LOS ANGELES, CA – By now, the tragic hate crime that transpired in the wee hours of the morning at the Pulse Nightclub in Orlando, Florida recently has shocked the national consciousness. The usual and all-too-familiar epilogue for these shootings has already begun to unfold: the non-stop media coverage, the late night talk show circuit offering words of hope, vigils across the United States, a nationwide conversation about gun control, pontifications on whether this was an act of terror or a hate crime or both, politicians weighing in, thoughts and prayers.
Lots of thoughts and prayers.
As an organization, we have aimed to not weigh in too heavily on the tragedy. We are, after all, focused on the business of getting Hillary Rodham Clinton elected as President of the United States, and we have been conscious of and careful not to at all politicize or appear to politicize this tragedy.
But the truth is, this one hits close to home.
We are going to spare you the numbers. You’ve read them. The historical context. You know it.
Instead, we want to take a moment to honor Orlando. It is no secret that a lot of our B4H members are LGBT Americans. In fact, it is no secret that a lot of our leadership team is LGBT. Of course, we have members from all over the country from all walks of life. But we would be remiss if we did not acknowledge the huge influence that the LGBT community has had on us as a group, and as individuals. And consequently, we would be remiss if we did not take a moment to honor our brothers and sisters in Orlando who were taken from us in this senseless act.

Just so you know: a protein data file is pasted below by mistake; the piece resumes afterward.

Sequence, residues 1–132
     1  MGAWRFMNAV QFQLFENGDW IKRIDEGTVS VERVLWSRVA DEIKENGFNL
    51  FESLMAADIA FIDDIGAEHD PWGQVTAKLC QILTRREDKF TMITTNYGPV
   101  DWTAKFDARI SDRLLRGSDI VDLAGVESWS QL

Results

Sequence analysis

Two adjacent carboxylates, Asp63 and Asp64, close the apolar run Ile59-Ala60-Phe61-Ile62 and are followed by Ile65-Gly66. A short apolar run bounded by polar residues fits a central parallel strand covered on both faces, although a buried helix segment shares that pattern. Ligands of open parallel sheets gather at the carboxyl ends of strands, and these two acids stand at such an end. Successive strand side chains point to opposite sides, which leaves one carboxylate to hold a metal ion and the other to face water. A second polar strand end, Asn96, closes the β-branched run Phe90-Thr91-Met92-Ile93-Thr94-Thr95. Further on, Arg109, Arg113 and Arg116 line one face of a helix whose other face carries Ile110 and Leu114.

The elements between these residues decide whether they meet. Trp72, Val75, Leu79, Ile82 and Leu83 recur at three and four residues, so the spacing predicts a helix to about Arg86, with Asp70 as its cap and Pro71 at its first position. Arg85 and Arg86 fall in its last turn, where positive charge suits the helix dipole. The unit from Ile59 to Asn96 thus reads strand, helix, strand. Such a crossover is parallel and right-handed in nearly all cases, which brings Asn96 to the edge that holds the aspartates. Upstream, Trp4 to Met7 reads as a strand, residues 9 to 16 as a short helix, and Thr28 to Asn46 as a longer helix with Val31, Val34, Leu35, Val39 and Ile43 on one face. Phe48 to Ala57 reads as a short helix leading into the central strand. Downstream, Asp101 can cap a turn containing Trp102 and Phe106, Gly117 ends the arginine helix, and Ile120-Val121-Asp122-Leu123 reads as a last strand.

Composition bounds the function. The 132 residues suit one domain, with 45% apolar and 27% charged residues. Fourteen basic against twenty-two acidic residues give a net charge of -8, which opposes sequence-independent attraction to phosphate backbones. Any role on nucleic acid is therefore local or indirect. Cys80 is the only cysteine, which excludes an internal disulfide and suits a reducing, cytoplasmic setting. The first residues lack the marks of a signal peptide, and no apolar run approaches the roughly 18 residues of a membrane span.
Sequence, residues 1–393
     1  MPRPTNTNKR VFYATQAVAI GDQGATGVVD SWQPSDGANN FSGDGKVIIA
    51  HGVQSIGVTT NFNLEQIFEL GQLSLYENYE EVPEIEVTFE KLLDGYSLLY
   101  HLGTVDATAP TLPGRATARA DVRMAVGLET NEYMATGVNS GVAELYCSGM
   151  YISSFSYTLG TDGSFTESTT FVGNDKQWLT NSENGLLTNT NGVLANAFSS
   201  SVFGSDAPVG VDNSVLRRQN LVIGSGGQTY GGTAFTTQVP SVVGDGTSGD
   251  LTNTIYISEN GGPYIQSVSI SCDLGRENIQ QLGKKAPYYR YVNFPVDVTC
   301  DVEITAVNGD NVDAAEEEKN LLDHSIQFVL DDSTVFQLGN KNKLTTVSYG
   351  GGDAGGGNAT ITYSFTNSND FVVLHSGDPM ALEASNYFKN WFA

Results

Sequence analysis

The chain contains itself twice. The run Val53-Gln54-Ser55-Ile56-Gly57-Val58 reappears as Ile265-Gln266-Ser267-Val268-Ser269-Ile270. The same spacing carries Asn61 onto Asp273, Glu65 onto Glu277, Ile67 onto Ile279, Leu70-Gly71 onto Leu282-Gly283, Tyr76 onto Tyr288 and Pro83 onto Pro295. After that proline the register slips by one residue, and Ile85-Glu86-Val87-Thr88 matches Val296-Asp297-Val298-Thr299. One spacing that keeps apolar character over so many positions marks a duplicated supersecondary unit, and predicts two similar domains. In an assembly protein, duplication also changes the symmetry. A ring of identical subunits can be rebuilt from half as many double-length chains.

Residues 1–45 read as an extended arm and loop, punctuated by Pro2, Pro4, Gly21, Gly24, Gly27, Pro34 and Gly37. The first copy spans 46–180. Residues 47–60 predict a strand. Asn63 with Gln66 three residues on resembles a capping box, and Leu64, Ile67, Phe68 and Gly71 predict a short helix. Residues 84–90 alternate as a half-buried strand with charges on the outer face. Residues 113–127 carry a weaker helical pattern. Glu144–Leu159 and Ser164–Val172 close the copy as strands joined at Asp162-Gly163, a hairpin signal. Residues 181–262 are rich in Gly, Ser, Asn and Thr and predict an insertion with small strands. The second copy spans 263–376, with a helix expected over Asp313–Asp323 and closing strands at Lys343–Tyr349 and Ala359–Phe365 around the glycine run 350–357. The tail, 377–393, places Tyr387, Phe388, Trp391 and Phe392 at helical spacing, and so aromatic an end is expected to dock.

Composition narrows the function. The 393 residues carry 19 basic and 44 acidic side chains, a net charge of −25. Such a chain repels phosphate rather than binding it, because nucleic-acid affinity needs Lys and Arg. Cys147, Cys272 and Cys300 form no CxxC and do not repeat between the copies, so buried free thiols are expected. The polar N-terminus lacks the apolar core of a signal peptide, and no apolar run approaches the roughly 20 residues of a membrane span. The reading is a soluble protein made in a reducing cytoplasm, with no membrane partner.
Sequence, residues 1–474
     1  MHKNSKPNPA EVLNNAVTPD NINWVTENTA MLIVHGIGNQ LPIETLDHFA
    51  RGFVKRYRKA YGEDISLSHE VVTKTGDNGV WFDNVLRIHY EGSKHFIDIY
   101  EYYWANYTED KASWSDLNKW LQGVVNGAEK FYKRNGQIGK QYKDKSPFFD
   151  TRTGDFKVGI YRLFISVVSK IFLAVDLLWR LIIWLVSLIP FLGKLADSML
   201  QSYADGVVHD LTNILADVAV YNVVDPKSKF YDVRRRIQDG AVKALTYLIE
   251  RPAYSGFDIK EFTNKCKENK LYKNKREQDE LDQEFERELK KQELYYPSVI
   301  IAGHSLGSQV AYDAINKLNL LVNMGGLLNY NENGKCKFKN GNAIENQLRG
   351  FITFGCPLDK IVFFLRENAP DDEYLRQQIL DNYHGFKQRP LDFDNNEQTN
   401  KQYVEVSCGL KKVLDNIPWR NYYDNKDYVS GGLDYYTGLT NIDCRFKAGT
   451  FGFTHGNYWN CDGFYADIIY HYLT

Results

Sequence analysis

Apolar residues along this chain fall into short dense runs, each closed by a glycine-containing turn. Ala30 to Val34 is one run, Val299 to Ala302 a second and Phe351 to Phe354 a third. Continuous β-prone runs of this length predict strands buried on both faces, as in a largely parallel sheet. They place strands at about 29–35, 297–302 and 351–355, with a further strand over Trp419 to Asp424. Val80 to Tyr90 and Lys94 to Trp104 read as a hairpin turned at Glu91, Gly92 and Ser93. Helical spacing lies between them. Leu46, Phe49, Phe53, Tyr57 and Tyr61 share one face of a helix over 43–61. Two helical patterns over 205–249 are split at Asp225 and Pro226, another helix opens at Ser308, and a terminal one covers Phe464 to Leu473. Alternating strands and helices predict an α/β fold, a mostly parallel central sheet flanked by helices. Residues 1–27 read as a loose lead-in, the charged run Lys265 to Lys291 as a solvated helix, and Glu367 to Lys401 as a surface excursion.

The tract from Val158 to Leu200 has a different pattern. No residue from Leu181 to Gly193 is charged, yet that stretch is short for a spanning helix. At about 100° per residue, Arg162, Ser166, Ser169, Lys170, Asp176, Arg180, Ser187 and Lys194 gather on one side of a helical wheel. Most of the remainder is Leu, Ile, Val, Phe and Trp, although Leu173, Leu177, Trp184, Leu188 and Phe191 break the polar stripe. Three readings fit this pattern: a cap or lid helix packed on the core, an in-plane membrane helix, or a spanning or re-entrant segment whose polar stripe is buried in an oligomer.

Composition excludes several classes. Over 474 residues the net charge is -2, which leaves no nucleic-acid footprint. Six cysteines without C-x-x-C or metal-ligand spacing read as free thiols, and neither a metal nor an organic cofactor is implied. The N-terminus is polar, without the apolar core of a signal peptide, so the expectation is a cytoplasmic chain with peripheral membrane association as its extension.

Our hearts are broken. Gay Americans, one as young as twenty years old, and their friends and allies, celebrating Pride month, celebrating the movement that afforded them the freedom to be who they are, express themselves accordingly, and love openly. Or so they thought.
Earlier this week, Secretary Clinton delivered a thoughtful and poignant response to the tragedy. But perhaps the most thought-provoking moment was this revelation: “The Orlando terrorist may be dead, but the virus that poisoned his mind remains very much alive,” she said. “And we must attack it with clear eyes, steady hands, unwavering determination and pride in our country and our values.”
It is clear, at least to some, that the virus to which Secretary Clinton is referring is the virus of hatred. A foe that LGBT Americans have known for far too long, whether it be scrapping to survive on the playground, or at Stonewall, or in the fight for marriage equality, or in the Pulse Nightclub. We know what it is like to face hatred. And with the clear eyes and steady hands that Mrs. Clinton describes, we defy this hatred and attack it the way we always have. By refusing to be silent. By refusing to be erased. By standing together with a message of love. Loudly. Boldly.
We stand with you Orlando. We mourn those who we lost on Sunday and honor your lives and your passing. We regret that we live in a world that could not keep you safe, but we love you, and we hold you in our hearts as we march on for a more just and tolerant world. To the families and friends of those we lost, we offer our sincerest condolences. And our love.
With clear eyes. Steady hands. Unwavering determination.
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